Films are a visual medium. The act of looking in film is unavoidable. In a comedy; we are encouraged to look and to laugh at what we see. One of the issues which Some Like it Hot (1959, directed by Billy Wilder) deals with is that of looking; of being a witness to something which we shouldn’t have seen, of seeing a side or a truth about a character that other characters have not, of watching the spectacle of men in drag, or of gazing (and I use that word deliberately for Laura Mulvey fans) at a woman who is a delight on the eyes.
The main driving force behind the plot of the film is that male jazz musicians Joe (Tony Curtis) and Jerry (Jack Lemon) are witnesses to the St. Valentine’s Day Massacre. They disguise themselves as women so that they can’t be identified and killed for what they have seen. When in drag, the act of seeing is suddenly presented to the audience as something flexible; ‘Josephine’ and ‘Daphne’ are both clearly men dressed as women, and yet none of the other characters can see this. Seeing becomes about seeing only what you want to see, or only what you expect to see; until the audience also starts to suspend their disbelief and see the same thing.
Women are looked at in two different ways in this film. Firstly; ‘Josephine’ and ‘Daphne’ are spectacles because they are men; we see the humour in their pretence and they also enjoy playing along with the illusion. Secondly, Marilyn Monroe, playing Sugar Kane, is depicted throughout the film as an isolated sexual object. Some Like It Hot was marketed on its release as, “the movie too HOT for words”, suggesting that Marilyn’s sex appeal is integral to the film. The word “hot” referring to Monroe’s skimpy costumes, augmented by sexual intrigue and syncopated jazz music.
The reveal of Joe and Jerry’s female personas takes place at the railway station from which they plan to make their escape to a warmer climate. The camera starts by following the men’s legs from behind as they walk down the platform, so that the audience is invited to objectify them as if they were leering at two females. When Marilyn Monroe’s character Sugar walks past, the camera performs this sequence again, following her from behind but from a slightly higher angle, in order to emphasise her long legs. The station announcer’s voice fades away as the camera pans down to her posterior; swanky saxophone music plays, her heels clunking as she goes and the men look on in awe. However, they almost seem more impressed by her talent at walking in heels than the way she is built, as Jerry exclaims, “Look how she moves! It’s like Jell-O on springs. Must have some sort of built-in motor or something…” Their own attempts at traversing the railway platform have given them an odd kind of respect for her.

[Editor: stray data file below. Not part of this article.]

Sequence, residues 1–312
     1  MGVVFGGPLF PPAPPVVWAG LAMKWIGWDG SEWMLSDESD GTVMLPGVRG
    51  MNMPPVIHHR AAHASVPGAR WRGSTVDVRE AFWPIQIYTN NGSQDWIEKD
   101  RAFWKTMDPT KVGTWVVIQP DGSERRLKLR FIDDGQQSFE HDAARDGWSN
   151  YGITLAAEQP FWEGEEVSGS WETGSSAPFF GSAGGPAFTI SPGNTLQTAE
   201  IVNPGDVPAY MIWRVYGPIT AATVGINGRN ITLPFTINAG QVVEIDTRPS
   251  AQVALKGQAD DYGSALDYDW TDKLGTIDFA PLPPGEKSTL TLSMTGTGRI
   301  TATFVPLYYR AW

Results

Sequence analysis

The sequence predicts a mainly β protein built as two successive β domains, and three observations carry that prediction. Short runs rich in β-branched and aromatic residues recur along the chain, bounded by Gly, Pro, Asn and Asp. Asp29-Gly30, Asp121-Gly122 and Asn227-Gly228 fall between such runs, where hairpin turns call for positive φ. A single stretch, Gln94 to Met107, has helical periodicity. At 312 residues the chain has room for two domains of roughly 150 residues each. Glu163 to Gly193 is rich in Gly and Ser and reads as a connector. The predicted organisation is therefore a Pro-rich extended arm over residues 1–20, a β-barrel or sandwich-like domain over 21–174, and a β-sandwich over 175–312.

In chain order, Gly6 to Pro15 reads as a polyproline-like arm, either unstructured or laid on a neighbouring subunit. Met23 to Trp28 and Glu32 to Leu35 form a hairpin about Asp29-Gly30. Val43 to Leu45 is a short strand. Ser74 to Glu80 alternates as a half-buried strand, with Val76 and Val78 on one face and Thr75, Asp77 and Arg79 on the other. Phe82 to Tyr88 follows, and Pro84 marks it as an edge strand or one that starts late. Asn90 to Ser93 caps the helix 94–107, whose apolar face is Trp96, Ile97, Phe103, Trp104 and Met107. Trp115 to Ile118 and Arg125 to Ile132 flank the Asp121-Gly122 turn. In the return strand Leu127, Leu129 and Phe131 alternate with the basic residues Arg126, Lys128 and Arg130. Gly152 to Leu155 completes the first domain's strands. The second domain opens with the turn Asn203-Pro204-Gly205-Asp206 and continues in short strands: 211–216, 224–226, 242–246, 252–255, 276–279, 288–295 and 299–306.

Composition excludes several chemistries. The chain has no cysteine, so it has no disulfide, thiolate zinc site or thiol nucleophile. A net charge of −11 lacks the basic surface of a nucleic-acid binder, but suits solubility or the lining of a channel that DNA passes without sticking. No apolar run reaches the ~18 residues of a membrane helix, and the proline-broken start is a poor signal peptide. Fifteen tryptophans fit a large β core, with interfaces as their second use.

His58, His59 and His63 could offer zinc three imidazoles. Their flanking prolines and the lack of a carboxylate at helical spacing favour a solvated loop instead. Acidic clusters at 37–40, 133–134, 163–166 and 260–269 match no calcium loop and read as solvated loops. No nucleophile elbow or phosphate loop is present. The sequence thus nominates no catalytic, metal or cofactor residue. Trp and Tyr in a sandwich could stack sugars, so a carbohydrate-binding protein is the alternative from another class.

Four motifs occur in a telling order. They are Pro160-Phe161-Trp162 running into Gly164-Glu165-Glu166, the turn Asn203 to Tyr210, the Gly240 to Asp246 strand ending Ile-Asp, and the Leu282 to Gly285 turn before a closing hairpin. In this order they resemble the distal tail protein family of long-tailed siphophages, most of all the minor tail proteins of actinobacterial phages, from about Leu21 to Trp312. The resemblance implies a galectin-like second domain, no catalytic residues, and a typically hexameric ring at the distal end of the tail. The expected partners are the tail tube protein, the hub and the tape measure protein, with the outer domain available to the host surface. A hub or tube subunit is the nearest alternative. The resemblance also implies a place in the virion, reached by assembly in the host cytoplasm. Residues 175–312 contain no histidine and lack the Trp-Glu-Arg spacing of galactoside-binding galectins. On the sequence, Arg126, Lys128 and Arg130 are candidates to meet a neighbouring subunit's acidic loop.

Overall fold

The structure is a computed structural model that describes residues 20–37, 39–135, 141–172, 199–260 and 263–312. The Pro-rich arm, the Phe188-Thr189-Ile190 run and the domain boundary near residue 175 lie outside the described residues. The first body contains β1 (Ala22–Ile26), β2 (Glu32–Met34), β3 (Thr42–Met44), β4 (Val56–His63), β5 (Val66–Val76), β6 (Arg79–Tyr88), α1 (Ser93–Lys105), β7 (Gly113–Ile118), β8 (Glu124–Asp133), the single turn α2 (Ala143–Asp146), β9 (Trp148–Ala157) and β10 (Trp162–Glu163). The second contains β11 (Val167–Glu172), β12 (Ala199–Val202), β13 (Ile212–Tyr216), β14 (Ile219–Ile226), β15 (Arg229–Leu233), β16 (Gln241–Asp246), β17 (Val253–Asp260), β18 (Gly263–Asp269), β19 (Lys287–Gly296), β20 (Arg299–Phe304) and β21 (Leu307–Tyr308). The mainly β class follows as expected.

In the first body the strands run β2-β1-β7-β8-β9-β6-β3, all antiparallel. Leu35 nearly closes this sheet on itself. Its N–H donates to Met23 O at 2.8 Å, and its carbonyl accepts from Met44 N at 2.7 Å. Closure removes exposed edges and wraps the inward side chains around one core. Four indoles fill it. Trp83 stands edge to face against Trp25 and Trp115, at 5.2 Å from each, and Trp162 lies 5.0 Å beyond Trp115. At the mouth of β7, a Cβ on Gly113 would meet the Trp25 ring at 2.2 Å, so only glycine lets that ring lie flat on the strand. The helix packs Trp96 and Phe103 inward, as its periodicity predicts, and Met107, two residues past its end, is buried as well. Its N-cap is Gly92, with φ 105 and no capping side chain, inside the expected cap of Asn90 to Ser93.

During Monroe’s performance of “I wanna be loved by you” the camera draws in slowly. From a distance her near-transparent dress almost makes it look as if she is not wearing anything. Marilyn Monroe’s soft, quavering voice and the way she moves enhances her femininity even further. We are encouraged to see Sugar’s femininity as an elegant contrast to ‘Josephine’ and ‘Daphne’.
In the yacht/dance floor sequence when Joe woos Sugar in the guise of a millionaire and Joe wins over millionaire Osgood (Joe E. Brown) in the guise of a woman, the comedy lies in the exploitation. It is not centrally women who are being exploited, however. Joe may be pretending to be the heir to the Shell oil company to win over Sugar, but she is also pretending to be something she is not. Osgood may be getting fresh with ‘Daphne’, but ‘Daphne’ isn’t an eligible female. She/he is not even female. Every character is being exploited in one way or another; is being used and is used by others, and I suppose that makes it fair. Even Joe uses Jerry for his access to Osgood’s yacht. The fact that, as an audience, we can see all of this simultaneously is half of the fun.
Comedy films in particular have a tendency to rely on stereotypes as a form of shorthand. Arguably, the characters in Some Like it Hot are all well-drawn stereotypes, (the mob leader, the randy old millionaire, the cougar looking for a rich man to marry.) Ultimately, these gender stereotypes seem to balance each other out; women may be heavily sexualised, but this only backfires on the characters of Joe and Jerry when they too become exploited as sexual objects, albeit only when they are dressed as women. Sugar might fall for Joe and Jerry’s ridiculous costumes, but then so does everyone else. We assume that with stereotypes, what we see will be exactly what we get, but the audience constantly has the rug pulled out from under them – this is part of what makes us laugh in Some Like it Hot.
Marilyn Monroe, as chief sexual object in the film, is never really the subject of a joke, and certainly the humour never revolves around her sexuality. Most of the comedy in the film lies in pushing the boundaries of acceptable humour; with themes like cross-dressing and possible (semi-accidental!) homosexuality, death and impotence. As a film which deals with taboos, I would refer to Some Like it Hot as ‘Taboo Lite’, but – let’s put it this way – it probably goes about as far as it could go in the fifties. Billy Wilder uses his film to raise issues of seeing, sex and sexiness in the safest possible way – through the medium of comedy. We are encouraged to see sex and gender issues from different perspectives and through the eyes of different characters. Questions are posed and scenarios are explored which are still just as relevant in this millennium than the last. Plus, it’s funny.